SHE-HULK #1

Writer: Charles Soule

Artist: Javier Pulido

Colorist: Muntsa Vicente

Letterer: VC’s Clayton Cowles

Review by Suzanne Nagda

“No one is only one thing.”

Jennifer Walters is a legacy character with a rich and complex history (as Bob Reyer can attest). Seriously, her Wikipedia page is as lengthy as Tolstoy’s War and Peace and possibly just as dense. Is she still the violent, quick-tempered hero of her early days? Or does she pair better with a quirky tone, like Dan Slott’s run of She-Hulk or Matt Fraction’s FF? Thankfully, the first issue blends new-reader sensibilities with respectful nods to the past. My biggest question is–WHEN IS SHE GOING TO BREAK THE FOURTH WALL?

Readers get a glimpse into the life of She-Hulk: Super Lawyer. Jennifer quits/gets fired from her corporate gig and shakes it off by hiding out in a bar full of lawyers. Fast forward a few panels–she takes on an impossible case and fights back against the man (a.k.a. Tony Stark and his legion of lawyer robots). Jennifer kicks the robots back into the ’90s and gets paid a tidy sum for her efforts. She opens up her own practice and gives Charles Soule an excuse to show off his expertise as a lawyer.

Soule maintains a careful balance between poking fun at the legal profession and giving agency to She-Hulk. Who hasn’t heard a lawyer joke, right? Jennifer meets one of Tony Stark’s employees who actually says (in a deadpan voice, I imagine): “I am neither bad nor good. I am simply legal.” She-Hulk comes off as instantly likeable and fun. Her biggest appeal seems to be her confidence–she is proud of being herself and isn’t afraid to show her strength.

Javier Pulido wins me over here with his ability to capture physical comedy. He highlights She-Hulk’s reaction to being fired in two panels that reflect her bold personality. Pulido also uses some inventive panel layouts–I think he’s bringing his A-game to this series.

My only complaint is that the book may be overburdened with dialogue. At times this works to great effect–like with Legal citing rules and regulations. Yet I hope Soule can bring more action to the next issue.

THE VERDICT: Buy it! Soule and Pulido bring out the best elements from a fan-favorite character. This is a book for readers who have grim-and-gritty fatigue. She-Hulk is a fun start to what looks to be a great addition to All-New Marvel NOW!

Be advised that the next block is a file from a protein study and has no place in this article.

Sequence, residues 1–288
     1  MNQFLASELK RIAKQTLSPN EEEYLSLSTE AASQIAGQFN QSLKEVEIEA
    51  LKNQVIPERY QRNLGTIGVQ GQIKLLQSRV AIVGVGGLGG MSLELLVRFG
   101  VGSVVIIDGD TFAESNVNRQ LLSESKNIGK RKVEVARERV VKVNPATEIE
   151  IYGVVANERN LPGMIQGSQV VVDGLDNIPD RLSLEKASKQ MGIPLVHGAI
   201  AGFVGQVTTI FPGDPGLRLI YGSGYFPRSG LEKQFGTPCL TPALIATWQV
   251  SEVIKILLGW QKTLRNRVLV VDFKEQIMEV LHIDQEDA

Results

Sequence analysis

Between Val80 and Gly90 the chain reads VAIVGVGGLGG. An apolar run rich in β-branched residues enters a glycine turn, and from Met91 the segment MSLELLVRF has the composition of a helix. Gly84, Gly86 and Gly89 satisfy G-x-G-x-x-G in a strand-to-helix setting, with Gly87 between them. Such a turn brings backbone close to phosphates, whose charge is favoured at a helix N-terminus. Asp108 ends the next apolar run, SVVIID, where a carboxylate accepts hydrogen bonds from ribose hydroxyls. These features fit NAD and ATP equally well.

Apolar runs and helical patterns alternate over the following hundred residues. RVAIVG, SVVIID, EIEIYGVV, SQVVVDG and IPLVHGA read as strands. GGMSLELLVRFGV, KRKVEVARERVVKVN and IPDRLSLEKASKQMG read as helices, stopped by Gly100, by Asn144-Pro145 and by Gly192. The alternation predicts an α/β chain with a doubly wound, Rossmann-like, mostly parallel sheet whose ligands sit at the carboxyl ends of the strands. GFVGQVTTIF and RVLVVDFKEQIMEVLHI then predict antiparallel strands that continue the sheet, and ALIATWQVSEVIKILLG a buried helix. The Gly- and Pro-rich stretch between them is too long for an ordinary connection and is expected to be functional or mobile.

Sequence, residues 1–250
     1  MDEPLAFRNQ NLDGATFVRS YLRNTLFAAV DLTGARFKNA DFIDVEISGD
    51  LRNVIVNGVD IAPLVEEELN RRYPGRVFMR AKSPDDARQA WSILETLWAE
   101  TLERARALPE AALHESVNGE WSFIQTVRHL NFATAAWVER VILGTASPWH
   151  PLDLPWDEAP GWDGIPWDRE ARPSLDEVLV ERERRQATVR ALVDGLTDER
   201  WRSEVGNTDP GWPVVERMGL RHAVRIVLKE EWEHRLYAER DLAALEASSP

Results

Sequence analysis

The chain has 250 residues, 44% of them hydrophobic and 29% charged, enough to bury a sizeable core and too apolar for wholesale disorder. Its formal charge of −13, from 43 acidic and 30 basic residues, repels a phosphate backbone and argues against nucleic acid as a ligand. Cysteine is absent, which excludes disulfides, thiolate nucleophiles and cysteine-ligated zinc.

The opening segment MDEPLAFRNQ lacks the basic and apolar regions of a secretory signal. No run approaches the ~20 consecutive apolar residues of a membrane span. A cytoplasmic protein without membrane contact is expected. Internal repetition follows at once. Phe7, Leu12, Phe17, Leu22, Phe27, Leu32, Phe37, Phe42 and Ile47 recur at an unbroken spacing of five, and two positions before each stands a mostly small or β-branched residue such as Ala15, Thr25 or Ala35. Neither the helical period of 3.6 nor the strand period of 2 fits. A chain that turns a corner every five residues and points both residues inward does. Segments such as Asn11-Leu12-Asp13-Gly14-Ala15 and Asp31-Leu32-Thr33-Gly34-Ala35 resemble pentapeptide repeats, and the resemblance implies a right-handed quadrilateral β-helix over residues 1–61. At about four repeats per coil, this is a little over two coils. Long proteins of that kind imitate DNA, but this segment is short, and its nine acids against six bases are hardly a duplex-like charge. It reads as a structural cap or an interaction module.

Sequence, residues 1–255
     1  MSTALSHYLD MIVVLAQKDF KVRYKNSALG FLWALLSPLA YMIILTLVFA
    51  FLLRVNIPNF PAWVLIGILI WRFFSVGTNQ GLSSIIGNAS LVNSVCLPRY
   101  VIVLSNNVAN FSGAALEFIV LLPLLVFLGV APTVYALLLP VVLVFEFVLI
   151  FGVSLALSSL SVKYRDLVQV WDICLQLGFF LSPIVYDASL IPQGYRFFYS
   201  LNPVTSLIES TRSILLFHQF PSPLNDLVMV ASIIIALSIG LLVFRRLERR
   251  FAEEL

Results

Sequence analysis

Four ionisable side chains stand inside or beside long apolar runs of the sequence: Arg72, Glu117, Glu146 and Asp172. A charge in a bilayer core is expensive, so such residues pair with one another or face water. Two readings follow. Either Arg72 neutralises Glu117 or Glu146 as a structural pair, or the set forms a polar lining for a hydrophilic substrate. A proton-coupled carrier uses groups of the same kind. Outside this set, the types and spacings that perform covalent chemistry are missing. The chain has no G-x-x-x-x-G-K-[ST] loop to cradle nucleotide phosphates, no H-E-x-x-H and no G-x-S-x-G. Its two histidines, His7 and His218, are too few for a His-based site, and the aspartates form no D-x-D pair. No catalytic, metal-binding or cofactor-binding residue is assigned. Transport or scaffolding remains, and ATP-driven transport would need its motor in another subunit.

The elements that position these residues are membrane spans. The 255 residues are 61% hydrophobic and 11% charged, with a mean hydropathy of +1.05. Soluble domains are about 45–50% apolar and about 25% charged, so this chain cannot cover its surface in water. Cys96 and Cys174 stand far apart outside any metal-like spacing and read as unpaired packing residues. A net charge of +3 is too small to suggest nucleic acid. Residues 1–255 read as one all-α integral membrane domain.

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6 Responses

  1. Bob Reyer

    Suzanne,

    I found the new She-Hulk another fine example of the broad range of tone and styles that Marvel should be cited from the bench for! If people are wondering about whether-or-not to add this series to their pull list, well, I would say that in the court of this reader’s opinion, it’s an open-and shut case! You…

    All right, that’s about enough of that, old-timer; move over, and give a lady some time to chat, willya! Sorry folks, sometimes Bob goes a bit goofy and actually thinks those jokes of his are funny, and so I just have to take the reins and pull things back together.

    As to the new series, I’m liking that Charles Soule is focusing on my legal career, so maybe I can avoid some of the lame-o bad guys (and huge dry-cleaning and clothing repair bills!) that Byrne used to have me facing back when he had me fighting folks like the Stilt-Man, Mahkizmo and the Living Eraser. (I know, right?) I’m also loving the art by Javier Pulido; he has a nice sense of style, particularly with that suit he had me wearing in the court-room scene.

    (Yes, it was very chic, Jennifer. It might have even been a Givenchy, darling! @udrey)

    To the story though, I know that it was dicey to take a case revolving around a “mad scientist” (and the guy who created Hammerhead and Kangaroo, no less!), but there were kids involved; bratty ones, but still…you have to take care of the little tykes!

    See you in the funny papers, gals and guys!
    JENNIFER

  2. Suzanne Nagda

    Did you read Dan Slott’s run? Is it worth checking out? Your recommendation got me to even appreciate Power Girl–and I can’t stand the boob window outfit.

    • Bob Reyer

      Suzanne,

      Firstly, a belated “Happy Valentine’s Day!” to you!

      Secondly (and I’m courting an interruption from “outside forces” by saying this), but I’ve read more She-Hulk comics than Ms. Walters has! (*ducking*)

      Thirdly (…and seriously), the Dan Slott run is very good, and is the tonal model for the new series, at least based on this new first issue. I would say that you’d quite enjoy it, but beware of a few “deep continuity” in-jokes such as the name of the law firm Jen works for: Goodman, Lieber, Kutzberg and Holliway, who operate out of their offices in the Timely Building.

      • Suzanne Nagda

        Thanks :) Hope you had a nice Valentine’s Day yourself. I’ll definitely check it out despite the “deep continuity.” As long as I don’t need to wade through 20 years’ worth of Marvel history to follow along I think I’ll be fine.

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